Smart meter solution
Non-revenue water

Kamstrup US manufacturing facility officially open

ROSWELL, Ga.  – Kamstrup Water Metering opened its new US Production Facility on February 8 in Roswell, Ga. Danish Ambassador to the United States, Lars Gert Lose, had the honor of cutting the ribbon for the opening ceremony. Together with Kamstrup's CEO Kim Lehmann and Kamstrup's Senior Vice President of North America Lars Bo Kristensen, the three leaders marked the special day with a few words about Kamstrup’s growth and how it will benefit the US water industry.

"Today, Kamstrup establishes its first production of intelligent water meters outside Denmark with the potential to supply all of America from Roswell," said Kim Lehmann, Kamstrup's CEO. "Here, American labor will work side by side with robots producing high quality water meters that will help to identify non-revenue water from California to Boston, from Canada to Chile."

United States and Denmark unified on water technology

Lars Bo Kristensen explained how Kamstrup has experienced exponential growth in the US, due to the increasing demand for innovative water metering solutions. “Seventeen percent of all static intelligent water meters sold in the USA in 2017 came from Kamstrup–quite impressive after only four years in the USA.”

Kristensen poses the question: “What makes it possible for an "unknown-in-USA" company like Kamstrup to have success in a mature water meter market such as the US?" Is it due to low prices? No. Was there an immediate need for more competition? No. Was there a lack of products in the USA? No, not really. There are many answers, such as innovation, simplicity,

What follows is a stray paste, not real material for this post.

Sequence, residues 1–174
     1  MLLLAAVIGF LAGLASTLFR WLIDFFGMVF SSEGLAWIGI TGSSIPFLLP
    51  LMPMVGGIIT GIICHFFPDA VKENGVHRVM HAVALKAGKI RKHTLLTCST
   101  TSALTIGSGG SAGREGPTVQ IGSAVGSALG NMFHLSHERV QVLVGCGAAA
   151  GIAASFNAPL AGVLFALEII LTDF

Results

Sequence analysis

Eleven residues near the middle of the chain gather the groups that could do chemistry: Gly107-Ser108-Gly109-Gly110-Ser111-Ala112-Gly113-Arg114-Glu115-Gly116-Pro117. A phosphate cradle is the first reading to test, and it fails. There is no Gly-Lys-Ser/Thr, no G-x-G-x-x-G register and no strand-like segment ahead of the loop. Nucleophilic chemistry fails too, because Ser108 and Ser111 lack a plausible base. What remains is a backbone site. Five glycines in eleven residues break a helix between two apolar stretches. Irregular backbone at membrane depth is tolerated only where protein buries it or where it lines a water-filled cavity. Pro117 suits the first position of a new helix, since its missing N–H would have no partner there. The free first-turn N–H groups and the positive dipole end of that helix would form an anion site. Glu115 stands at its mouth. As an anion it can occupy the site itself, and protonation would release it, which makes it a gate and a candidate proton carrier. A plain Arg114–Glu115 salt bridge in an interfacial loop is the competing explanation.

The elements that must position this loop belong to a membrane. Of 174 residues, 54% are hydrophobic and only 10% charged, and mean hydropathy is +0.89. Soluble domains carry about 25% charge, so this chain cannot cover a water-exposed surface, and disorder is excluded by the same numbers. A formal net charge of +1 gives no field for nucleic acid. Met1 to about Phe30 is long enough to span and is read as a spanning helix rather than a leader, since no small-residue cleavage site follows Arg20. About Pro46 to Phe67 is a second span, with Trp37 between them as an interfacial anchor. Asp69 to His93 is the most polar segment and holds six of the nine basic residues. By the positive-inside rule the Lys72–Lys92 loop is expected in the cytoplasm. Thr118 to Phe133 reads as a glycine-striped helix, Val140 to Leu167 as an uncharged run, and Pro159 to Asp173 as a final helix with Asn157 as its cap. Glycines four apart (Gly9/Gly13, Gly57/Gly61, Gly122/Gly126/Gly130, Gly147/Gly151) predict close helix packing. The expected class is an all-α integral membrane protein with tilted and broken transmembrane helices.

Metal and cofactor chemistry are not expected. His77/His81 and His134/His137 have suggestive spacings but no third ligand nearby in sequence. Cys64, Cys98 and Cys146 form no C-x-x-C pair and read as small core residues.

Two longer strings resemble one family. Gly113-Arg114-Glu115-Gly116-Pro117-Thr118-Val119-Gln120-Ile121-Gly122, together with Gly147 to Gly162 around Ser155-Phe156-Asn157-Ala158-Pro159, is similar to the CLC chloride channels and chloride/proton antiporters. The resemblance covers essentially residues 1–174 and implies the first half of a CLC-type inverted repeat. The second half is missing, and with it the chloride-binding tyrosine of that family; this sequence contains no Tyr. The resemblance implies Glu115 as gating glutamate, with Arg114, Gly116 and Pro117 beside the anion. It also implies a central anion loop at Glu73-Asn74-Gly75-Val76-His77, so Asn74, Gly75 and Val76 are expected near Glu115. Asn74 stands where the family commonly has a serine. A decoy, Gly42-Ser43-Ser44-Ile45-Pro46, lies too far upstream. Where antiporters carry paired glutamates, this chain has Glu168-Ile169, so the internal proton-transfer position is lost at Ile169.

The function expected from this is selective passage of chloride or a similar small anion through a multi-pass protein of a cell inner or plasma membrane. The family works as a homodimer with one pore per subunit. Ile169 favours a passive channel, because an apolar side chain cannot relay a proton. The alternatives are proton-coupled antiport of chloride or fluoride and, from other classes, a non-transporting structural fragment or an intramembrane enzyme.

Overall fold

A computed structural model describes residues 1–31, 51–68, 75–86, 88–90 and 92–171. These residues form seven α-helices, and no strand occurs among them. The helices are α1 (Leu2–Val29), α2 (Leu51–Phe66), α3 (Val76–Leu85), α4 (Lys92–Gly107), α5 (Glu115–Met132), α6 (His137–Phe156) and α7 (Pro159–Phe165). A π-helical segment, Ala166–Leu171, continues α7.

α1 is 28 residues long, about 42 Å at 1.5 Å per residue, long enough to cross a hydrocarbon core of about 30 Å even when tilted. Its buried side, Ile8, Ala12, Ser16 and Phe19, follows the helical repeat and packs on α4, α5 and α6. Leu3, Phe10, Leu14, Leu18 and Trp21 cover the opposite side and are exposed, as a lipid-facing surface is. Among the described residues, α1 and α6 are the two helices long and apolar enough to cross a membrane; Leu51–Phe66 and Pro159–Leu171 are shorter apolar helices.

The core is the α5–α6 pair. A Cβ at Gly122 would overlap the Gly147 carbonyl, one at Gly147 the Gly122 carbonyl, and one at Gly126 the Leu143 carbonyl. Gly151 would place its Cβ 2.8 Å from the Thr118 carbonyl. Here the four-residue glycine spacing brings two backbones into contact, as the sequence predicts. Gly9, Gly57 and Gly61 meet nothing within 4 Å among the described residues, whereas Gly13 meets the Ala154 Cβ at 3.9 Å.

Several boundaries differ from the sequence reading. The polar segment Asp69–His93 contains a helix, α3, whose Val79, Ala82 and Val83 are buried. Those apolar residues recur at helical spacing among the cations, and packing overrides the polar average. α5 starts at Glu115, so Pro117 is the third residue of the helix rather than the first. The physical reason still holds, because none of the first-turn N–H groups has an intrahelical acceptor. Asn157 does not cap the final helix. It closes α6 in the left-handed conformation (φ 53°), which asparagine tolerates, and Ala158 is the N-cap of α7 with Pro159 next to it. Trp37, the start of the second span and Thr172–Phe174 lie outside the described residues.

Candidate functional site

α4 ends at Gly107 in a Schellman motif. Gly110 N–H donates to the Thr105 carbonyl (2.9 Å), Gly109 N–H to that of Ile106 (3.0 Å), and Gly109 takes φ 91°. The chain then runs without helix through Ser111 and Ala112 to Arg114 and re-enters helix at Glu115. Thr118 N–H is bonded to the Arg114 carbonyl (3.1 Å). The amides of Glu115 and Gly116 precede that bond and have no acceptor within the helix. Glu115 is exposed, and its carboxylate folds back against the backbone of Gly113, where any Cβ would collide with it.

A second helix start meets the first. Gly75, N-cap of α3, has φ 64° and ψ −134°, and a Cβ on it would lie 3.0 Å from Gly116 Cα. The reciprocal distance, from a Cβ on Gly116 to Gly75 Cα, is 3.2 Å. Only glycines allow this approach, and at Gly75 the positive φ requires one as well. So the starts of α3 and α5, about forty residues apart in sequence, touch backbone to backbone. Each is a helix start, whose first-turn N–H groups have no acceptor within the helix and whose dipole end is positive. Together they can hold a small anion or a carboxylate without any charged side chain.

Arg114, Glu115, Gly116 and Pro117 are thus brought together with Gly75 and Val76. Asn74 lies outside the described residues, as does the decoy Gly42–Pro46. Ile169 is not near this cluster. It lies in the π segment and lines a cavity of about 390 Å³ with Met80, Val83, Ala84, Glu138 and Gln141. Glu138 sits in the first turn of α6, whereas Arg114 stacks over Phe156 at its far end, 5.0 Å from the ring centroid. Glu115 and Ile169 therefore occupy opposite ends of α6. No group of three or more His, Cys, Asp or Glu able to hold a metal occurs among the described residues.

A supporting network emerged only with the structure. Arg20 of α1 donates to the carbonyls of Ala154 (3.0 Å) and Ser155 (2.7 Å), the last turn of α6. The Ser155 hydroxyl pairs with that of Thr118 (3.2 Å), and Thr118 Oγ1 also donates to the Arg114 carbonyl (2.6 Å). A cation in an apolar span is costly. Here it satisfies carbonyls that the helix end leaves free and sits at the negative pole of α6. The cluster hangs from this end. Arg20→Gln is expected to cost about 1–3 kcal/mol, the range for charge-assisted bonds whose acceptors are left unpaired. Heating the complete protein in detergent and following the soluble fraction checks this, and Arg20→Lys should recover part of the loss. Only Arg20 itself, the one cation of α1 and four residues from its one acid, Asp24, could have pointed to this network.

design and sensors, but the most important one is quality: Product quality and the quality of water measurement."

Ambassador Lose commented on the role Denmark plays in solving global water loss issues, including the country’s cooperation with California through the Water Technology Alliance.

“Kamstrup is also part of the bigger story about Danish leadership in water technology. Water is a global-critical issue. Between 25-50 percent of water is lost due to bad metering, aging infrastructure, and leakages. The numbers are better in the US, it’s down to 16 percent loss; the good news is that of those 16 percent, 67 percent are recoverable if you have the right technology. In Denmark, we’ve faced

the same challenges; today we are down to six percent water loss, which is the lowest number in Europe. The point is that the same thing can be done here in the US and the reason why we have done so well in Denmark is partly due to companies like Kamstrup who are able to provide the technology that allows us to take those great leaps into the future when it comes to water management. So, we are very much looking forward to a stronger partnership with the US in the future on handling water; side-by-side with Kamstrup we will deliver the technology that we need, and I think we are already seeing some promising results here.”

Guests who attended included Mayor Lori Henry of Roswell, Ashley Jenkins, District Director for the Office of Congresswoman Karen Handel (GA-06), and water professionals from Georgia, Tennessee and around the country.

Kamstrup's automated production will enable close proximity between customers, production and product development. By adding additional manufacturing capacity, Kamstrup will be able to meet the high demand utilities have for smart water meter solutions.